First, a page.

12 February 2015

Robotic sock against deep vein thrombosis

Bedridden and disabled patients are at high risk of developing deep vein thrombosis, a potentially fatal disease caused by the formation of blood clots in the veins of the legs. Researchers from the National University of Singapore have developed a new robotic sock to reduce the risk of developing this disease and improve the survival of such patients.

Equipped with soft power drives, the movements of which resemble the movements of coral tentacles, the robotic sock simulates the natural contractions of the leg muscles, increasing blood circulation in the patient's body. In addition, the device can be used to monitor the movements of the lower leg, which will optimize physiotherapy sessions.

Modern approaches to the prevention of deep vein thrombosis are divided into pharmacological, consisting in the use of anticoagulants, and mechanical, providing stimulation of blood flow due to compression effects.

Pharmacological methods are quite effective, but potentially have a serious side effect. Taking them increases the risk of profuse bleeding, which can lead to the death of patients, especially those who have suffered a hemorrhagic stroke. At the same time, mechanical methods, such as wearing compression stockings, do not significantly reduce the likelihood of developing deep vein thrombosis.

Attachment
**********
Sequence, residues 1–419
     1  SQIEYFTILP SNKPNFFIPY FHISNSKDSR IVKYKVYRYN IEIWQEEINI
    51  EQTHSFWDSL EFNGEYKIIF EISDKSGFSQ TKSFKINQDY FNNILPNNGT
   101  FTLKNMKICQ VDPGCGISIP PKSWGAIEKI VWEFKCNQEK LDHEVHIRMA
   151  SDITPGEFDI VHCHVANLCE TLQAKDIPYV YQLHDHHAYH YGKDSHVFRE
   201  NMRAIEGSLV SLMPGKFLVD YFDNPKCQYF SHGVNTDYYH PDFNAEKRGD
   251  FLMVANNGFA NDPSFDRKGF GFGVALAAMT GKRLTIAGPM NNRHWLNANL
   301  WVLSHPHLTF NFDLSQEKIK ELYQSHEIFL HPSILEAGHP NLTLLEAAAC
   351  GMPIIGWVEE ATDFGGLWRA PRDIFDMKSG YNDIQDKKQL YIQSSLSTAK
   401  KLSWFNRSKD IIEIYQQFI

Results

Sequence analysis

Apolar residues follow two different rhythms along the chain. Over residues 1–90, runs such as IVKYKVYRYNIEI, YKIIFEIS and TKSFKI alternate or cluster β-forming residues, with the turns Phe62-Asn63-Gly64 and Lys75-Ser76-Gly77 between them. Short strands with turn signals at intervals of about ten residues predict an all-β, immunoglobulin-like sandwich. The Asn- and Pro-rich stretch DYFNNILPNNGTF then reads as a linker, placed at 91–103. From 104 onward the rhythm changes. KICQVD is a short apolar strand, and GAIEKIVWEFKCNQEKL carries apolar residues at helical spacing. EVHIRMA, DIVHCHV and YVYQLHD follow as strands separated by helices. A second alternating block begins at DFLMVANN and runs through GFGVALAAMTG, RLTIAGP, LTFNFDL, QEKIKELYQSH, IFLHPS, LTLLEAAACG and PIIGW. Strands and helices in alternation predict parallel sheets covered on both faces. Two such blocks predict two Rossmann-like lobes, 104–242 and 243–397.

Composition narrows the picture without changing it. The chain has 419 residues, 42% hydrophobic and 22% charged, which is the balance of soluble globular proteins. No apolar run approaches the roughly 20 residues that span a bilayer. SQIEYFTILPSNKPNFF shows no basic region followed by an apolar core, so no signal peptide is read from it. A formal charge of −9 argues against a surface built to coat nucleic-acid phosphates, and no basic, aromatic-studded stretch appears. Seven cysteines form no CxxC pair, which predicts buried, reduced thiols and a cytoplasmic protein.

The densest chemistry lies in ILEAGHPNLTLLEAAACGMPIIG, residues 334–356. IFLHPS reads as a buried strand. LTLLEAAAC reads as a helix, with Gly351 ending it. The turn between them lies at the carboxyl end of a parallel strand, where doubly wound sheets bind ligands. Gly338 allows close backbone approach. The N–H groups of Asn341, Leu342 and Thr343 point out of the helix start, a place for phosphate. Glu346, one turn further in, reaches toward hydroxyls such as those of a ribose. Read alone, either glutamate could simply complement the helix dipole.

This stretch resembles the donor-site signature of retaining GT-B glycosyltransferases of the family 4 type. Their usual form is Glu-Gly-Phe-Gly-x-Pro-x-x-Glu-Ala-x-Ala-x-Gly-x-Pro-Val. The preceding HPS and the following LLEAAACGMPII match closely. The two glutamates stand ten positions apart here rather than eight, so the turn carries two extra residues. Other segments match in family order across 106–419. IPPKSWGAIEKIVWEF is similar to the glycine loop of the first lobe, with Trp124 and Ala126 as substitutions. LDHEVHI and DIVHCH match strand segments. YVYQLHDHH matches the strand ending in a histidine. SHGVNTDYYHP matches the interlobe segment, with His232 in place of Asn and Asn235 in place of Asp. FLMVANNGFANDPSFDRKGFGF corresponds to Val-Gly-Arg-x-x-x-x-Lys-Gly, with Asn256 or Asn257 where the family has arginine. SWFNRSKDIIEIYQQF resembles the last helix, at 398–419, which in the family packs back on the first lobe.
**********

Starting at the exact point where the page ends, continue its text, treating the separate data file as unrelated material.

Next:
In the search for an effective method of preventing this disease, Associate Professor Lim Jeong Hoon took as a basis the natural role of the human ankle muscles in ensuring the return of venous blood to the heart. To do this, they created soft power drives that stretch and contract like coral tentacles, using these movements to catch prey.

Thanks to the soft power drives built into the compression sock and the use of a programmable air pump valve control system, the device can trigger the desired ankle joint movements that improve blood flow in the lower limb. In addition, the sensors built into it allow you to control the angle of bending of the ankle joint, which is necessary to improve the results of therapy. The use of soft materials in the manufacture of the device increases the comfort of the patient when using it and minimizes the risk of damage due to excessively strong mechanical impact.

The developers of the device, as befits real scientists, tested it on themselves

In March 2015, the researchers plan to start a 6-month pilot clinical trial of a robotic sock involving 30 patients of the National University Clinic. During the study, the developers hope to receive feedback from doctors and patients, which will allow them to improve the design and functionality of their brainchild. After that, they plan to conduct clinical trials in several clinics and commercialize the device in the future.

Evgeniya Ryabtseva
Portal "Eternal youth" http://vechnayamolodost.ru based on the materials of the National University of Singapore:
NUS researchers invent novel bio-inspired robotic sock that promotes blood circulation and prevents blood clots in legs.


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